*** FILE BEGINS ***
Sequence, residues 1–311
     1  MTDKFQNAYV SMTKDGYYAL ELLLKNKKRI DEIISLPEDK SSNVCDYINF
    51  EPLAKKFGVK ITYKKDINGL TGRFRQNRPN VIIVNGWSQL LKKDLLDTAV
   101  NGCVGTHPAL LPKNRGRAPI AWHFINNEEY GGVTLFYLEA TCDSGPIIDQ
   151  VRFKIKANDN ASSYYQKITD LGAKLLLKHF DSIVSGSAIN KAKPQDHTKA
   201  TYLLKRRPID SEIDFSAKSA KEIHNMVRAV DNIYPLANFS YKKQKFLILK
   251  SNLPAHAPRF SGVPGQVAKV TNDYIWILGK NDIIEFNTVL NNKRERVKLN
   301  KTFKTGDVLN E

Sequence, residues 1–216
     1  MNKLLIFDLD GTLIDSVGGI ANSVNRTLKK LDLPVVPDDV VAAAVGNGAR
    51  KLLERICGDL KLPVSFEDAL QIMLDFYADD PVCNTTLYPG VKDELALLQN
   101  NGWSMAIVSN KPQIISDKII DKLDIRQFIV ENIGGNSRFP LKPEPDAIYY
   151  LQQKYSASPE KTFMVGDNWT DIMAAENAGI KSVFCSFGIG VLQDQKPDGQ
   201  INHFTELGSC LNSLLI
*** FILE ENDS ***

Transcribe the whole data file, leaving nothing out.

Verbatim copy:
Sequence, residues 1–311
     1  MTDKFQNAYV SMTKDGYYAL ELLLKNKKRI DEIISLPEDK SSNVCDYINF
    51  EPLAKKFGVK ITYKKDINGL TGRFRQNRPN VIIVNGWSQL LKKDLLDTAV
   101  NGCVGTHPAL LPKNRGRAPI AWHFINNEEY GGVTLFYLEA TCDSGPIIDQ
   151  VRFKIKANDN ASSYYQKITD LGAKLLLKHF DSIVSGSAIN KAKPQDHTKA
   201  TYLLKRRPID SEIDFSAKSA KEIHNMVRAV DNIYPLANFS YKKQKFLILK
   251  SNLPAHAPRF SGVPGQVAKV TNDYIWILGK NDIIEFNTVL NNKRERVKLN
   301  KTFKTGDVLN E

Sequence, residues 1–216
     1  MNKLLIFDLD GTLIDSVGGI ANSVNRTLKK LDLPVVPDDV VAAAVGNGAR
    51  KLLERICGDL KLPVSFEDAL QIMLDFYADD PVCNTTLYPG VKDELALLQN
   101  NGWSMAIVSN KPQIISDKII DKLDIRQFIV ENIGGNSRFP LKPEPDAIYY
   151  LQQKYSASPE KTFMVGDNWT DIMAAENAGI KSVFCSFGIG VLQDQKPDGQ
   201  INHFTELGSC LNSLLI